Initially, you might need a time of self-reflection to calm your ruminations over the relationship. “Sometimes we don’t even realise we’re letting negative and obsessive thoughts take over,” affirms David, “This is where mindfulness can be very useful – taking as little as three minutes to focus on your breathing and those flashbacks from the toxic relationship, thus bringing you closer to letting go and moving on.
“Once you’ve got your immediate feelings under control, channel your energy into something else. Whenever we feel strongly about a situation outside of our influence, it can be hugely empowering to take charge of something such as a new project at work. Seeing something you do make a difference can go a long way in preventing you from feeling angry and frustrated.”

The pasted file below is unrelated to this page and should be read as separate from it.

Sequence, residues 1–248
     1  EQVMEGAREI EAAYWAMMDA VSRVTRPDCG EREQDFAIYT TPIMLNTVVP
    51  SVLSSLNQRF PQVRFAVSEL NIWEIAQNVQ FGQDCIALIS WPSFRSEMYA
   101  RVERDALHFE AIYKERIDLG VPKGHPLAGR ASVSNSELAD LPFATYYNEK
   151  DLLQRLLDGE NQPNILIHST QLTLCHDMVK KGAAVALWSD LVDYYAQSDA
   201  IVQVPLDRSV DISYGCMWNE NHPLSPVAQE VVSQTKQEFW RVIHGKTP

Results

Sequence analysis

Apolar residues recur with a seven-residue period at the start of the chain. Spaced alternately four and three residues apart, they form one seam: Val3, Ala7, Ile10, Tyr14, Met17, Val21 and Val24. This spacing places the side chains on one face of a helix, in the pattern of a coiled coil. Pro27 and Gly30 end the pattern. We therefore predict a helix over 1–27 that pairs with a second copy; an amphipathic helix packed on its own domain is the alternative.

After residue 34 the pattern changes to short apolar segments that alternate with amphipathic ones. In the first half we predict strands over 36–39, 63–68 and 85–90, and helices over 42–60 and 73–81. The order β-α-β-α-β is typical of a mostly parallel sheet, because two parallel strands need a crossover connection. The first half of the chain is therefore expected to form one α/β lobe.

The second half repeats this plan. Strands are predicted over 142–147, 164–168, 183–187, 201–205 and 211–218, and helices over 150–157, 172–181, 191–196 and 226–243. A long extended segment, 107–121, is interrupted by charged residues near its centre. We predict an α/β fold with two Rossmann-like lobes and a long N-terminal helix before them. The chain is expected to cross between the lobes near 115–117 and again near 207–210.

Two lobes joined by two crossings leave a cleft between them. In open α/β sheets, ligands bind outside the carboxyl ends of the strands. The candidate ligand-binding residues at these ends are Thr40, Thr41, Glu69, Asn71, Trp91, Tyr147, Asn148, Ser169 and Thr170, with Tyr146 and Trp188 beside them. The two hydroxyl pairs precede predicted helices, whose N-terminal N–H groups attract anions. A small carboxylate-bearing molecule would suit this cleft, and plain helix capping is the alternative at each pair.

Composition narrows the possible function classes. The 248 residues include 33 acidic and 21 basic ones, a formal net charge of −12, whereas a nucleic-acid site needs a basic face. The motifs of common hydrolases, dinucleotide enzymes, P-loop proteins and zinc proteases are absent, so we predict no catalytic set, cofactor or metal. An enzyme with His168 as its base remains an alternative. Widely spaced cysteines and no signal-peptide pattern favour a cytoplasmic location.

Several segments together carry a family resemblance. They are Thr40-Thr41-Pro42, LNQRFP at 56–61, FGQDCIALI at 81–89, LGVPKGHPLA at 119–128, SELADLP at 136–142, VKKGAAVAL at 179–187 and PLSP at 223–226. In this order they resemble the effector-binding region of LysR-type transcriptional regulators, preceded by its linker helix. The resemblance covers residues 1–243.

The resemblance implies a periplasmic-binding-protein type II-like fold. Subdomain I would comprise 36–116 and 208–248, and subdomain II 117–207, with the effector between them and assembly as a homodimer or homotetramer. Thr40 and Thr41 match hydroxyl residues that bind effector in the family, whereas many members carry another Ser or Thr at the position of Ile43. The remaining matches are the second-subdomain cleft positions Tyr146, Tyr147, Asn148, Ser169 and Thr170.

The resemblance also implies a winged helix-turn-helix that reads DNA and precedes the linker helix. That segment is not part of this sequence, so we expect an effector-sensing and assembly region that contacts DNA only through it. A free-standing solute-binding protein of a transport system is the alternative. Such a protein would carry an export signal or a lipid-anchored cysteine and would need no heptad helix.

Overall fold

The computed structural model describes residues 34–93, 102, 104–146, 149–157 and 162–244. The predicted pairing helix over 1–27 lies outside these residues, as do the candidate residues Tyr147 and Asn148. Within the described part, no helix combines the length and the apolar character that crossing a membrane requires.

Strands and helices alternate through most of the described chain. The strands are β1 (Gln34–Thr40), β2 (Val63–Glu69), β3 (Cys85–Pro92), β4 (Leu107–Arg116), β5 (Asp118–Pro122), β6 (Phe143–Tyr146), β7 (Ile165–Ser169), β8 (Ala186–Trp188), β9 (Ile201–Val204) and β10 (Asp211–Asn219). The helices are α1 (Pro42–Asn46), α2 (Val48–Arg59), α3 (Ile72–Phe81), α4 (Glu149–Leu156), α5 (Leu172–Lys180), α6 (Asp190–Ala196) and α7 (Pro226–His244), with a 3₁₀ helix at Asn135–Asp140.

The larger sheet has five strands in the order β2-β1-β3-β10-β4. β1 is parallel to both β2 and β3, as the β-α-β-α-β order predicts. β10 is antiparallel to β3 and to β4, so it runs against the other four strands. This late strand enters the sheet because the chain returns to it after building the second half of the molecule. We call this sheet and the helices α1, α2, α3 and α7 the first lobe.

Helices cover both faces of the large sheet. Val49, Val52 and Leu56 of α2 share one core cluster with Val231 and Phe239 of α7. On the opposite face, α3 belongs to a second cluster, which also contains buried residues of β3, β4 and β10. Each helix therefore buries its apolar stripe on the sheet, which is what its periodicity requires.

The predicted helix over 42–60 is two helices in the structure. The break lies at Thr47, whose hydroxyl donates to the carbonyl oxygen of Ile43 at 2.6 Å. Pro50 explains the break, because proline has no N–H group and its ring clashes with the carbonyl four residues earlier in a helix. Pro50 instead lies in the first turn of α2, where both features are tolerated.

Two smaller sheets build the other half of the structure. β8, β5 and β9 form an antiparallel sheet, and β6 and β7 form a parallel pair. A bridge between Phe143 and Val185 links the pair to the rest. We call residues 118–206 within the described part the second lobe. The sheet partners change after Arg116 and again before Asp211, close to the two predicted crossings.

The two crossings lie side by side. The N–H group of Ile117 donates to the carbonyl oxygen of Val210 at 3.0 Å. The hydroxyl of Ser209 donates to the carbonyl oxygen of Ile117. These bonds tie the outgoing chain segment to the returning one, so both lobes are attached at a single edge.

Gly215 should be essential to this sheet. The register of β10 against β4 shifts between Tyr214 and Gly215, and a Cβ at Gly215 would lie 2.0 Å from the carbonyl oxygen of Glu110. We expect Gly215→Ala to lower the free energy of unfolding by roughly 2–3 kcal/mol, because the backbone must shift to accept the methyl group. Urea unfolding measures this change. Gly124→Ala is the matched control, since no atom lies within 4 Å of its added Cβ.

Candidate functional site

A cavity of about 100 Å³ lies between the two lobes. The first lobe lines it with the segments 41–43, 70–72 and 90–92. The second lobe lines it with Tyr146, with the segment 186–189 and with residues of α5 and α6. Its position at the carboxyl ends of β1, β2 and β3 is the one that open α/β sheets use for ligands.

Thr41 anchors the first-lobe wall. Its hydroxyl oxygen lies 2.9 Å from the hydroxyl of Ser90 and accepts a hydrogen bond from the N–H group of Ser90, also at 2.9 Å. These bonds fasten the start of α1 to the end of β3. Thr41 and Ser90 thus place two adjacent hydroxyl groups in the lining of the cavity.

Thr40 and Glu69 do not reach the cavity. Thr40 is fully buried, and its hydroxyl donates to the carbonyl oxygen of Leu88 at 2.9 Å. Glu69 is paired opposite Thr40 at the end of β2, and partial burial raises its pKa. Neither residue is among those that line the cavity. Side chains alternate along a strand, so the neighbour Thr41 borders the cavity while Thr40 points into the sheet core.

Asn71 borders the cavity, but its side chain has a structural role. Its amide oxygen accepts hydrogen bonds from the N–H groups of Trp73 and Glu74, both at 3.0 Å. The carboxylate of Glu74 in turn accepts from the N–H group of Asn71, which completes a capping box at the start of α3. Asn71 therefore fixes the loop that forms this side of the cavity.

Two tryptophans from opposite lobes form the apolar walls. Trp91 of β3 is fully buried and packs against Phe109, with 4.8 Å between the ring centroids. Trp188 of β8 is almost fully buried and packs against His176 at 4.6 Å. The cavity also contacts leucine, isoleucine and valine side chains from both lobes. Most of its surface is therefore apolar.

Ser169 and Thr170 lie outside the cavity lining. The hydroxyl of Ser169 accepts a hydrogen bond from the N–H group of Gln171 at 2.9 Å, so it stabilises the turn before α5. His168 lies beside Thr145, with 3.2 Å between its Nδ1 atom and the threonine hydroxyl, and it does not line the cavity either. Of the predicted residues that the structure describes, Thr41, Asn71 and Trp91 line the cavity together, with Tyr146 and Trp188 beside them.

However, changing your attitudes and behaviour is not enough and you need to confront your friend. This is best done directly but compassionately, without judging or shaming. In this way you will also have peace of mind that you did all you could to save the friendship. “Verbalising how you feel in a clear way helps the friend understand why you may not want to associate yourselves with them, and gives them the opportunity to respond,” says Elisabetta. “However, face-to-face interaction can be daunting and requires a large amount of strength, so simply expressing your point of view in writing or over the phone could be the best way to deal with the situation.” If none of these strategies work, it might be time to shut the door on the friendship. “Gradually withdrawing from social situations with the individual and turning down offers to meet could be the best way to generate some distance,” adds Elisabetta.